Our Lexington Car Accident Attorneys Fight For Bruise Compensation
Crash bruises are painful and may be a sign of a more severe underlying injury
Bruises are not usually considered a major injury, but after a car accident, these “black and blues” can be incredibly painful and a sign of a more serious underlying injury.
Car accident contusions, aka bruises, can take months to heal. They may cause permanent and disabling damage. At Johnson + Johnson, Attorneys at Law, our Lexington car accident attorneys know that crash bruises are serious injuries. That’s why we always fight to get you maximum compensation for the pain and losses these common injuries cause.
If you sustained bruising or were otherwise injured in a South Carolina car accident, contact Johnson + Johnson for a free case evaluation. At no cost to you, a member of our legal team can listen to the details of your case, estimate the value of your claim, and help you decide what to do next. Our personal injury law firm serves injured accident victims in Lexington, Columbia, Red Bank, Oak Grove, and throughout South Carolina.
For more information about car accident bruises and compensation, read on.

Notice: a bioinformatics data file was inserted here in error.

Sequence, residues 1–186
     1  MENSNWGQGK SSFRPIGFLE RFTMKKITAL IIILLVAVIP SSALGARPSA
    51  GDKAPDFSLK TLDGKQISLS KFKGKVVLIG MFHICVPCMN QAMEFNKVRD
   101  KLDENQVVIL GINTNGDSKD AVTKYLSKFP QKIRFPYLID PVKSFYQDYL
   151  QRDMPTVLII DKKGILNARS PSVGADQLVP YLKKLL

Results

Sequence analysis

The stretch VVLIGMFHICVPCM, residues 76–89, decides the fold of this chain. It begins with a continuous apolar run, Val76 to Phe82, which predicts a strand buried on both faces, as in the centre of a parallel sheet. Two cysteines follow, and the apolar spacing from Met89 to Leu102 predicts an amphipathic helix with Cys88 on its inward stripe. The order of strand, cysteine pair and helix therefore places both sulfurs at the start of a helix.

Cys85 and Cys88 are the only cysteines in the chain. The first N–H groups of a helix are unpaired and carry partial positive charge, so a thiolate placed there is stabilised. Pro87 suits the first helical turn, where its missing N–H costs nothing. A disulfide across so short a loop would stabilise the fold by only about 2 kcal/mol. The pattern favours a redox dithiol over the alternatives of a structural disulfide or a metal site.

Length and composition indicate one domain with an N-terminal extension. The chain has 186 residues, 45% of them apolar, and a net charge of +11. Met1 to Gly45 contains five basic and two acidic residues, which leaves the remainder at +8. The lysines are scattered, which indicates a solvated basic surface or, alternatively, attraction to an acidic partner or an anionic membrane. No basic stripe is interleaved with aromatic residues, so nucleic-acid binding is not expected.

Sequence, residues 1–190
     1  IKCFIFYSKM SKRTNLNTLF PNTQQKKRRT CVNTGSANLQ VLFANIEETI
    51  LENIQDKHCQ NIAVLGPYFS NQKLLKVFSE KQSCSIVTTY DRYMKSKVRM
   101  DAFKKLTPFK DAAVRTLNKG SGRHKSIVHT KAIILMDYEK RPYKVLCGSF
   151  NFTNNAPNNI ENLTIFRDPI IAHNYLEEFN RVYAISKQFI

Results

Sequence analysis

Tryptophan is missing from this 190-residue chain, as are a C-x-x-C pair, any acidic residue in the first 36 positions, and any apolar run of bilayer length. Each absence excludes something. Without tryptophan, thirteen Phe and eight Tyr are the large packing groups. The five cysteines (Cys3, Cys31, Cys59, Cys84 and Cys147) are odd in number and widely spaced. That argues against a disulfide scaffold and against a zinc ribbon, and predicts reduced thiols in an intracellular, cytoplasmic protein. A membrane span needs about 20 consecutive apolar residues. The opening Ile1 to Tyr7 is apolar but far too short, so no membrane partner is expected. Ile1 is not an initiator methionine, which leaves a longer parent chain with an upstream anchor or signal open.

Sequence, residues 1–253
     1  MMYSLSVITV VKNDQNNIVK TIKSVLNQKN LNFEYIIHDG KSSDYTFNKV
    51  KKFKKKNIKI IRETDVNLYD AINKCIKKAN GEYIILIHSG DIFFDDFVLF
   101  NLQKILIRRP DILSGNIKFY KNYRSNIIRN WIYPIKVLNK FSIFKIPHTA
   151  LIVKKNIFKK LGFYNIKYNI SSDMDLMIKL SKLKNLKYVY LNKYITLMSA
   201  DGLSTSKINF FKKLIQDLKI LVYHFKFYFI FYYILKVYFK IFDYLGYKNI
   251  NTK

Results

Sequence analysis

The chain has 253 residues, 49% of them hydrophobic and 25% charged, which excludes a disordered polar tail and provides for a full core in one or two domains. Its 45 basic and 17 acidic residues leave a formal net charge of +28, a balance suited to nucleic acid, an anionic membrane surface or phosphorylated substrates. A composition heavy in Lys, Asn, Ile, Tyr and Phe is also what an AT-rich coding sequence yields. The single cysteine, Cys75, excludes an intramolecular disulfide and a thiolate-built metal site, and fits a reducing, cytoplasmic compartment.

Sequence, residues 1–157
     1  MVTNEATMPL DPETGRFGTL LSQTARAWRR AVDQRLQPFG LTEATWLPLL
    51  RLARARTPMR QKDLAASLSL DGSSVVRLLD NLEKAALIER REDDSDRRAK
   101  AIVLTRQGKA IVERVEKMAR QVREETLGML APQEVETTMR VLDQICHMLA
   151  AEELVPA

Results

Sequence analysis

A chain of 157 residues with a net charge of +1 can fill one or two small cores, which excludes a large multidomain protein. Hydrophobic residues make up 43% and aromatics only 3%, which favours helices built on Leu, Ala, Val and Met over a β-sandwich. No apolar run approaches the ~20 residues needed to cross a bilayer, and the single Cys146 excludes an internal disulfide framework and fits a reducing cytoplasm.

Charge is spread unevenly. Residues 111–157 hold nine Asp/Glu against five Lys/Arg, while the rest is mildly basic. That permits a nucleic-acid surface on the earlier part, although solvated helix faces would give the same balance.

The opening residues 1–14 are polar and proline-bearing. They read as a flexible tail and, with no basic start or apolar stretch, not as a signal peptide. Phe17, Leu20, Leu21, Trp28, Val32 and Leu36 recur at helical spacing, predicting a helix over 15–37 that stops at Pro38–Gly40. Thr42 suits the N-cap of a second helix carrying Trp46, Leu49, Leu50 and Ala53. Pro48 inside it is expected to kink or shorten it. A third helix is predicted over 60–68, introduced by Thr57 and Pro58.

Car accident bruises, contusions, and hematomas
In everyday terms, “bruise,” “contusion,” and “hematoma” are sometimes used interchangeably, but there are differences.
- “Contusion” is a medical term that basically means “bruise.” (Technically, a contusion is the trauma that causes the bruise.) A bruise is a painful, swollen, and/or sensitive spot on the body where small blood vessels have ruptured and discolored the skin. Bleeding has occurred, but it has not broken the skin’s surface.
- Hematoma can look like a bruise. Both may appear as discolored, swollen spots on the body. But a hematoma is when blood pools where it isn’t supposed to – usually under the skin and muscle. Unlike bruises that typically heal over time on their own, hematoma may need to be drained by a medical professional.
In a car accident, bruises and hematoma can be caused by contact with the steering wheel, windshield, window, roof, or airbag; ejection; getting hit by debris; seatbelt restraint; and the overall destabilizing effect crashes have on the body. Despite the risk of bruising, you should still wear your seatbelt. Buckling up saves lives.
Types of car accident bruises
Basically, there are three types of bruises – subcutaneous (below the skin), intramuscular/intermuscular (tears within the underlying muscle), and periosteal (bone). They are categorized 1-3, with 3 being the most severe – and are usually due to being struck by something.